Something happened back in November of 2008. Apparently I lost my mind and agreed to write a book alongside an established author of SQL Server technical books, Louis Davidson (@DrSQL on Twitter.) I’m not sure if it was the drinks and the Zig Zag, or perhaps the strong Seattle coffee and fresh Pacific Northwest air.
Being an Author (capital “A” in this case) had been a longtime dream of mine. I grew up being a voracious reader, and like many hardcore readers I had that yearning to jump to the other side of the pen. One day I wanted to be like Stephen King. In a manner of being, it did happen. I feel like I was walking along a rural road and just got clipped by a poorly-driven late model panel van. I came to this karmic realization tonight as I was reviewing Louis’ chapter on DMVs for Query Plans.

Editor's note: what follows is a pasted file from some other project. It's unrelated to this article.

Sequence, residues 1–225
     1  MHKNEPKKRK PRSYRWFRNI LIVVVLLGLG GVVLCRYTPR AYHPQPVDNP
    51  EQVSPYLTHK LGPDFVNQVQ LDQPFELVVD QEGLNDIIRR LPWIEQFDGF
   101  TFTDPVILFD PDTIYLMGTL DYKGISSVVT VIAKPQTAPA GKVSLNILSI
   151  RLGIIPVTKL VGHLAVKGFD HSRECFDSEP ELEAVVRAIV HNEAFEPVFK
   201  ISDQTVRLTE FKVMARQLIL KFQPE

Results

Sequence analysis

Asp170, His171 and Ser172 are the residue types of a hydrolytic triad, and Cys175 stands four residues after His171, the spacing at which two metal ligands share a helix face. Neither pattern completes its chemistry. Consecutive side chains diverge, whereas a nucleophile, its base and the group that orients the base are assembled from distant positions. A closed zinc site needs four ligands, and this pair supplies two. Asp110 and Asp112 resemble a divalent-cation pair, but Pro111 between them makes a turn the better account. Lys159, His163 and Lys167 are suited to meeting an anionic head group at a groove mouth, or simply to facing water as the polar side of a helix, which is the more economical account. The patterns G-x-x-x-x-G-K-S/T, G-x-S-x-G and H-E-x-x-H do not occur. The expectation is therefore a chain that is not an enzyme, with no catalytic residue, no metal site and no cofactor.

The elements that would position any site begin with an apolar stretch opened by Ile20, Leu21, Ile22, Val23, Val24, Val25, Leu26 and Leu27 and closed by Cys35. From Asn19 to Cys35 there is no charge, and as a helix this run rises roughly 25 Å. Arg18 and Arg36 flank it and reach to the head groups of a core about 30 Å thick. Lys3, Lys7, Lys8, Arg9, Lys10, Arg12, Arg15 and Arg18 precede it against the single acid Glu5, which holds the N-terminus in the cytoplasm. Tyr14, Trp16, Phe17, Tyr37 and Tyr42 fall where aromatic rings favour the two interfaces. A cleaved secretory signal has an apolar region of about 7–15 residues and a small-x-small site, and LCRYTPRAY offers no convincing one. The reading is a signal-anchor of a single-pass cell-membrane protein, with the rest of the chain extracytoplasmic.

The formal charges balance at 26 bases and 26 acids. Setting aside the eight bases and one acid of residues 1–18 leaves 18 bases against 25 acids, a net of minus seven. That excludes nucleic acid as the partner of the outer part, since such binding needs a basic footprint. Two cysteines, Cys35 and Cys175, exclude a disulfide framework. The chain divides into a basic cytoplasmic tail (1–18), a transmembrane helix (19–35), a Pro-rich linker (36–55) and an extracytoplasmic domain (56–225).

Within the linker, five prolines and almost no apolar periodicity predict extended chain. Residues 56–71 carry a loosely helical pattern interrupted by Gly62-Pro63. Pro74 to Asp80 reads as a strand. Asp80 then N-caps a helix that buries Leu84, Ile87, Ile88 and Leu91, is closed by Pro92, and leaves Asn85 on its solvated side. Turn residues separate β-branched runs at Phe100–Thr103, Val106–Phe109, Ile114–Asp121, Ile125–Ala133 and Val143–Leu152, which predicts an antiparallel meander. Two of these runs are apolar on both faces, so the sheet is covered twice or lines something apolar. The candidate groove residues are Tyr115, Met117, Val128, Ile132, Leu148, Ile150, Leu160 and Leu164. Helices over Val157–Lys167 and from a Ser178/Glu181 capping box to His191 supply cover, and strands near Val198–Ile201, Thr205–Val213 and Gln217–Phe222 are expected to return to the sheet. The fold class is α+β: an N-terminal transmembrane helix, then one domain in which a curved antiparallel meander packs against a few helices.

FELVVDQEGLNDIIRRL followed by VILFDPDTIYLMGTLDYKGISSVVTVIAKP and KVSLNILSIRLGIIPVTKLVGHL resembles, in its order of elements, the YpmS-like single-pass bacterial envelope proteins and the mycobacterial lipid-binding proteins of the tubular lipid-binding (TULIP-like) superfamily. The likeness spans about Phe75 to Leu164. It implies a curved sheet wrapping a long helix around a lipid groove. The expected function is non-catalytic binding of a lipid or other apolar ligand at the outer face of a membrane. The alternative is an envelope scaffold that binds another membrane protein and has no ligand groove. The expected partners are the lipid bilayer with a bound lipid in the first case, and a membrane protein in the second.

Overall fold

In 6 years I’ve gone from simply reading Microsoft SQL Server books to reading and writing and editing them. I used to think it was always hard to read them without falling asleep. What I never realized was how hard the Writers and Editors have it. I have a deep appreciation for all those who’ve come before me; and those to come after. If any of you out there reading this (and I know who all 4 of you are) then may I suggest starting out as a forum author. Search out those who need help on the various forums and pick a few each day that you feel comfortable answering, then do it. From there perhaps submit articles to sqlservercentral.com, mssqltips.com, sqlserverpedia.com, sqlteam.com, or sql-server-performance.com. These sites are all run by stellar individuals who clammor for writing talent. After that, who knows? Perhaps you’ll be pulling your hair out on a Saturday night writing about transactions, spids, and query handles.